“His employer was upset, not because of the injustice inflicted upon his work he was more upset that others would conclude that he lived poorly in Bombay.”

“The bias of racism and injustice were no longer barriers to his freedom.  His journey had ended, and ended in victory.”

 “The worm, colonial of carrion, cries:  ‘Waste no compassion  on these separate dead!’”

In Derek Walcott’s, “A Cry from Africa,” he associates the Africans with a primitive, natural strength, and the British are portrayed as an artificially enhanced power.  At one point he refers to blacks as gorillas and whites supermen uttering the oppressor’s choice of words.  In the first two stanzas of the poem, there are natural images of Africa portrayed with unnatural images of colonization and violence.  Walcott seems to have an inner conflict deciding on which racial side to stand.  Probably the lines that were most definitive to point out racial differences were the following:

“The gorilla wrestles with the superman.”

“The Kikuyu resemble primitive savages who abuse the fertile resources of their native plains.”

Much of Asia and Africa have experienced at the hands of the European and British governments seem to be in a REPEATING Mode as the United States and England invade Iraq and Afganistan for the same purpose—colonialism and imperialism.  The establishment of US military bases throughout what the Pentagon calls the Greater Middle East is an essential part of the permanent US government strategy to control world energy resources as the way to control its economic rivals, principally Europe and northeast Asia.  Those who fail to learn the lessons of history are doomed to repeat them. 

People who consider themselves White would rather have you think they originated from apes than from Black Africans.  The History Channel has recently aired a special on the evolution of man.  The producers actively misinformed viewers about the information that would lead a prudent person to seriously doubt the validity of the specimens used. Fraudulent evidence and grossly exaggerated findings are more or less the norms in paleoanthropology. The series would have the viewer to believe the origin of the Black man was in Africa, White men in Europe, and Asian men in Asia.  The channel showed homo sapiens with aboriginal facial features with a larger brain than most folks living today (Neanderthals). Neanderthals, once thought to be our ancestors, are almost universally accepted as being completely homo sapiens today.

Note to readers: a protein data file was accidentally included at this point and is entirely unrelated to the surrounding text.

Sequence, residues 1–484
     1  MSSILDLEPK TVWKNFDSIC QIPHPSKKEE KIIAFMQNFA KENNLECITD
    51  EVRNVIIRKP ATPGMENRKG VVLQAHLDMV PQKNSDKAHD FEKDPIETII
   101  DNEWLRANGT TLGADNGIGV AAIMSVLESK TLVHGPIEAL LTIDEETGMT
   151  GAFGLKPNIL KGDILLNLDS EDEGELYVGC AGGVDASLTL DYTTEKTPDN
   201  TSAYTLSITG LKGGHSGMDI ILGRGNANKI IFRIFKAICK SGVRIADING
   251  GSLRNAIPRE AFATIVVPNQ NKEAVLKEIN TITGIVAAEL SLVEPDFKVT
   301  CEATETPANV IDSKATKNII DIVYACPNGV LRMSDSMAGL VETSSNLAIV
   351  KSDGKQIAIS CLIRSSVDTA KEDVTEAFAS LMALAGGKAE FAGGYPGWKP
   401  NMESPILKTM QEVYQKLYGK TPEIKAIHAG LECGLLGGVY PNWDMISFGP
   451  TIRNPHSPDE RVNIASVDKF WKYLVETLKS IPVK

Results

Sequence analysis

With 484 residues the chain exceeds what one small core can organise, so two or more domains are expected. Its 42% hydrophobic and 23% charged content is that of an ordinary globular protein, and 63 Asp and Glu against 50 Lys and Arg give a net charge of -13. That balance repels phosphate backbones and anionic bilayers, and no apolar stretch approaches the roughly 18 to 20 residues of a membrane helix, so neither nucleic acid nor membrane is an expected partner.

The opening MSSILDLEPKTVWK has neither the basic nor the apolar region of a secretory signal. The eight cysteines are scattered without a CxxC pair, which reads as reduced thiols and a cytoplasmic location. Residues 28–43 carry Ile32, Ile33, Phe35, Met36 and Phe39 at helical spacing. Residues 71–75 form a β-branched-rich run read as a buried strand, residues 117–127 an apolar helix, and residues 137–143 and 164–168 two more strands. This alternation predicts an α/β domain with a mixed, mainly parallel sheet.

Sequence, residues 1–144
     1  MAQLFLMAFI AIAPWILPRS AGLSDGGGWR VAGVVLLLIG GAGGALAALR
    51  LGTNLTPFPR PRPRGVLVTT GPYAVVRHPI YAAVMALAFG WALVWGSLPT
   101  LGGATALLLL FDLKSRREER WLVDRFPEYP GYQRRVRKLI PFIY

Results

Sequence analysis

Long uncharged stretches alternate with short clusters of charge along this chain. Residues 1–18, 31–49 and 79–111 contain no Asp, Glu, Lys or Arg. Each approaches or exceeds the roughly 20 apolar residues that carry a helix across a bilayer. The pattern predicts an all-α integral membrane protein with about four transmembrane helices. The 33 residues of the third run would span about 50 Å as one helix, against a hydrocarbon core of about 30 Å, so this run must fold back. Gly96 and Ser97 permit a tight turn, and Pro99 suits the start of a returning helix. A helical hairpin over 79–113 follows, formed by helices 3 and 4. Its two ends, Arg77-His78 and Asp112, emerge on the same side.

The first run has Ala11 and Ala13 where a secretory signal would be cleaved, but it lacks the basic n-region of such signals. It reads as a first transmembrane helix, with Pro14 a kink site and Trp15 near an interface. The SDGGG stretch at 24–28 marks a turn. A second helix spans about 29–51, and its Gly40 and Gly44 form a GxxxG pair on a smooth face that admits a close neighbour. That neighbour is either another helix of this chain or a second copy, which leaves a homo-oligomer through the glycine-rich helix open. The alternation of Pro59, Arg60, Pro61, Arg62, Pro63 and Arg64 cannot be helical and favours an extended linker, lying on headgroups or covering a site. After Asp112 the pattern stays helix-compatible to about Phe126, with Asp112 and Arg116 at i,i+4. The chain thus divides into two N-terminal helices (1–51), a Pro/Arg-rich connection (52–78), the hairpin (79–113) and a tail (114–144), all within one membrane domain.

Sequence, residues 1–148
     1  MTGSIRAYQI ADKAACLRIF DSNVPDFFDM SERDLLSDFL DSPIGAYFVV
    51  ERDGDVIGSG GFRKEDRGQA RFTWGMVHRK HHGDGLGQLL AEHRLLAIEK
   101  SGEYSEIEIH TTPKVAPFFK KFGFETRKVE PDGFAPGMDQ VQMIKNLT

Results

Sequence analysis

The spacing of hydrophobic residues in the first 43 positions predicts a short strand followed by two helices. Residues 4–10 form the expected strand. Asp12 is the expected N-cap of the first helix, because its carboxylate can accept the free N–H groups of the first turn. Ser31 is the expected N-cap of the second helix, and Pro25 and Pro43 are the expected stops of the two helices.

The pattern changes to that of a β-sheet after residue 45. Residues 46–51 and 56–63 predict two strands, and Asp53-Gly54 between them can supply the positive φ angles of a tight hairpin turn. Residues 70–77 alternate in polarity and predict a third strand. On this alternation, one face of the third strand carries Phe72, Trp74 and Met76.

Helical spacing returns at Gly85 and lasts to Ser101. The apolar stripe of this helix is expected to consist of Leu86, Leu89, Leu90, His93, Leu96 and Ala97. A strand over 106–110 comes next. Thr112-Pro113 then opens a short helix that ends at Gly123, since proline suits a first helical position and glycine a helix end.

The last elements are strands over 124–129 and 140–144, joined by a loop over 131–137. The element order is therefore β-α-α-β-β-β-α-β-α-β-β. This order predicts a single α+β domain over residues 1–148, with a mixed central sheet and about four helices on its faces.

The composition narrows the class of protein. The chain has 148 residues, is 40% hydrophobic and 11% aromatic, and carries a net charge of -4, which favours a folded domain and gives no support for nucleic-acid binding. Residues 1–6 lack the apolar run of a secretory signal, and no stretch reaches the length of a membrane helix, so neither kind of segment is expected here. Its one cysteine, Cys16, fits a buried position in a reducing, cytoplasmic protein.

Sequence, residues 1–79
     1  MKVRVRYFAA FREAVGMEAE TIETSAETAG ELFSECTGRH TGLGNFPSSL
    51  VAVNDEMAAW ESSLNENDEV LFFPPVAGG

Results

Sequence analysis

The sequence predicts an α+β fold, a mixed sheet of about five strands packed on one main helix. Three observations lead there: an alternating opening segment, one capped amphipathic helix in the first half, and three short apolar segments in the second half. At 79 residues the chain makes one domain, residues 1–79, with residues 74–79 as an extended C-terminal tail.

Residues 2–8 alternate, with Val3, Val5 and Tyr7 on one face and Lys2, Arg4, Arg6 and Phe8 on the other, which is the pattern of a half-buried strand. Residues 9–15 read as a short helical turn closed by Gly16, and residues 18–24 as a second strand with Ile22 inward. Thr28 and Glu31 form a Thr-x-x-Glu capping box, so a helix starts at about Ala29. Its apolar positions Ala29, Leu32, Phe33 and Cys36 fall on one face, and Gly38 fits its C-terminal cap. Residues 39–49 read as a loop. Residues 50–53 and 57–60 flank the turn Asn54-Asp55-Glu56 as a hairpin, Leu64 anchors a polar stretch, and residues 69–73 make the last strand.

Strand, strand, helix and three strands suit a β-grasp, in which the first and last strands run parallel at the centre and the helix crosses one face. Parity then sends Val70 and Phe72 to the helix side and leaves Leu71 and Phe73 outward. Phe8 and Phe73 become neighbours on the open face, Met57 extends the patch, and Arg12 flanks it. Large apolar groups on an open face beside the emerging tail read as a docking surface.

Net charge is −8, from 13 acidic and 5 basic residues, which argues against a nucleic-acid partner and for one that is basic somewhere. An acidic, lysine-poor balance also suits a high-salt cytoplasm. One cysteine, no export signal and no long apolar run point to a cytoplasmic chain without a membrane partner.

Research starting in and published in the journal Nature (2007 19 July) has proved the single origin of human theory by combining studies of global genetic variations in humans with skull measurements across the world. The research, at the University of Cambridge and funded by the Biotechnology and Biological Sciences Research Council (BBSRC), represents a final blow for supporters of multiple origins of humans theory. New genetic research claims to have "proved" that all humans originate from one single ancestor in sub-Saharan Africa. Researchers until now have been divided by two competing theories, the other holding that populations of modern humans evolved at several locations around the world. 

The British Empire comprised dominions, colonies, protectorates, mandates and other territories ruled or administered by the United Kingdom and its predecessor states. It originated with the overseas possessions and trading posts established by England between the late 16th and early 18th centuries. At its height, it was the largest empire in history and, for over a century, was the foremost global power. By 1913, the British Empire held sway over 412 million people, 23% of the world population at the time, and by 1920, it covered 35,500,000 km2 (13,700,000 sq mi), 24% of the Earth's total land area. As a result, its political, legal, linguistic and cultural legacy is widespread. At the peak of its power, the phrase "the empire on which the sun never sets" was often used to describe the British Empire, because its expanse around the globe meant that the sun was always shining on at least one of its territories.

Works Cited

Gordimer, Nadine. Jump and Other Stories Reviewed by Nicholas Southey,
Orwell, George. “Shooting an Elephant,” 1936
Townsend, Mary Evelyn. “European Colonial Expansion Since 1871,” Chicago: J.P. Lippincott Company, 1941. 19.
Naipaul, Vidiadhar Surajprasad., “Second Essay:  One Out of Many,”
Sachs, William L., “V. S. Naipaul and the Plight of the Dispossessed,” “Christian Century Foundation,” 17 Nov 1982. 1167. 
Walcott, Derek. “A Far Cry from Africa,” Mr. Africa Poetry Lounge!